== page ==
I remember making trips to Cades Cove when we were younger.  We would pile gingerly place our bikes in the back of Daddy’s truck, and head up to the Smoky Mountains.  It is understood that in order to see the most wildlife–and beat all the traffic–you must leave at the crack of dawn.

We failed.

I blame this on several factors: 1)  My brother took a shower that seemed to last forever.  2)  I wanted to stop for a biscuit.  3)  Early morning Starbucks is hard to resist.

When we finally arrived to Cades Cove, the parking lot was full.  We had decided that we would rent the bikes to complete the eleven mile bike loop.  Unfortunately, we didn’t count on one small hang-up.  See, the information on the website says that they rent bicycles to all ages.  My six year old nephew was just a wee bit too small for the bike they had for him.  And bikes with training wheels aren’t rented for the loop.

I willingly stayed behind with him to bike the camp ground instead…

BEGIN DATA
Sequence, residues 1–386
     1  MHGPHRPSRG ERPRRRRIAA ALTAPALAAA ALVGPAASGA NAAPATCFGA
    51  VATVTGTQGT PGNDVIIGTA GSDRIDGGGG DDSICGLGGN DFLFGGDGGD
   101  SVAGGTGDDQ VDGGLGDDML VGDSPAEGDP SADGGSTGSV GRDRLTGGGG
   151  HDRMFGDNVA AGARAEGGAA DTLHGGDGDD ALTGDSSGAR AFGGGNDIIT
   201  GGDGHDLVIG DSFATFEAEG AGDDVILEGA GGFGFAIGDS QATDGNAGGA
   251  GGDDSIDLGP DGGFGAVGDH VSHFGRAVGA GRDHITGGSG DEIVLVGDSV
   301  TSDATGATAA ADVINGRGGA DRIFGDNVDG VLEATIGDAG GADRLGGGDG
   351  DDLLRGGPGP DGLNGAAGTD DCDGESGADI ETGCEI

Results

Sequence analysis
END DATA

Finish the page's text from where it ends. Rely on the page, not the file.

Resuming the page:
As we passed campers in tents and rather large monstrosities, he waved and said, “Hello!”  Most of the campers were rather friendly, and even if they weren’t–I don’t think he would notice.  He did, however, notice every single squirrel.  And he stopped at every stop sign.  We loaded his cargo pockets with the keys to the car and my money.  He was quiet a sight:  A tee shirt proclaiming, “What happens in Pre-K, Stays in Pre-K!”, cargo pants sagging under the weight of change and keys, and a perky smile!

Before my sister headed out, I handed her the backpack I had brought along.  It was complete with a water bottle and a box of Band-aides/Neosporin.  Yeah, I know.   I blame that on being a teacher.  Turns out that it wasn’t for naught.  When the kids and adults arrived back to the meeting spot, we heard that my oldest niece became quite adept at wrecking.  As we enjoyed our ice creams, Landon (my riding partner), was stung on the face by a bee.

Over all, it was a success!  The kids exclaimed the need for a repeat excursion next time they come to Tennessee.  I have a feeling that won’t be an issue…

 

Rainy Day Fun (Family Vacation Day Five)